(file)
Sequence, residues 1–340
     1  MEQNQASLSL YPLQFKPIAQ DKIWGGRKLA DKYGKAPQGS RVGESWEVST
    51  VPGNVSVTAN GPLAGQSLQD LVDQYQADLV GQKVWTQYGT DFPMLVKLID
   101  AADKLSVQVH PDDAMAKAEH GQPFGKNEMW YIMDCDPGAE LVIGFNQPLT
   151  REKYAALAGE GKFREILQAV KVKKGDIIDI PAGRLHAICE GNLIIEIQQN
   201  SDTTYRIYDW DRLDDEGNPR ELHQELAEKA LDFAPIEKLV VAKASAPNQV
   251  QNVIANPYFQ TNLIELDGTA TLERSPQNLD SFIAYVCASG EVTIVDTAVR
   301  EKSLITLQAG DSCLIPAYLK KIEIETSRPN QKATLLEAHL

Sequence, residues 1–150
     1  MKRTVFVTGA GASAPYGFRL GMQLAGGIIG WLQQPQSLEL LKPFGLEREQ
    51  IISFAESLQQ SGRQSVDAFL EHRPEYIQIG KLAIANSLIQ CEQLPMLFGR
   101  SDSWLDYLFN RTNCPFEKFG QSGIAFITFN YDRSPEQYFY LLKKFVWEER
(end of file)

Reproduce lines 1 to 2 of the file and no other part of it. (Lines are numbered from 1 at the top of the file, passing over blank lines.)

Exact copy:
Sequence, residues 1–340
     1  MEQNQASLSL YPLQFKPIAQ DKIWGGRKLA DKYGKAPQGS RVGESWEVST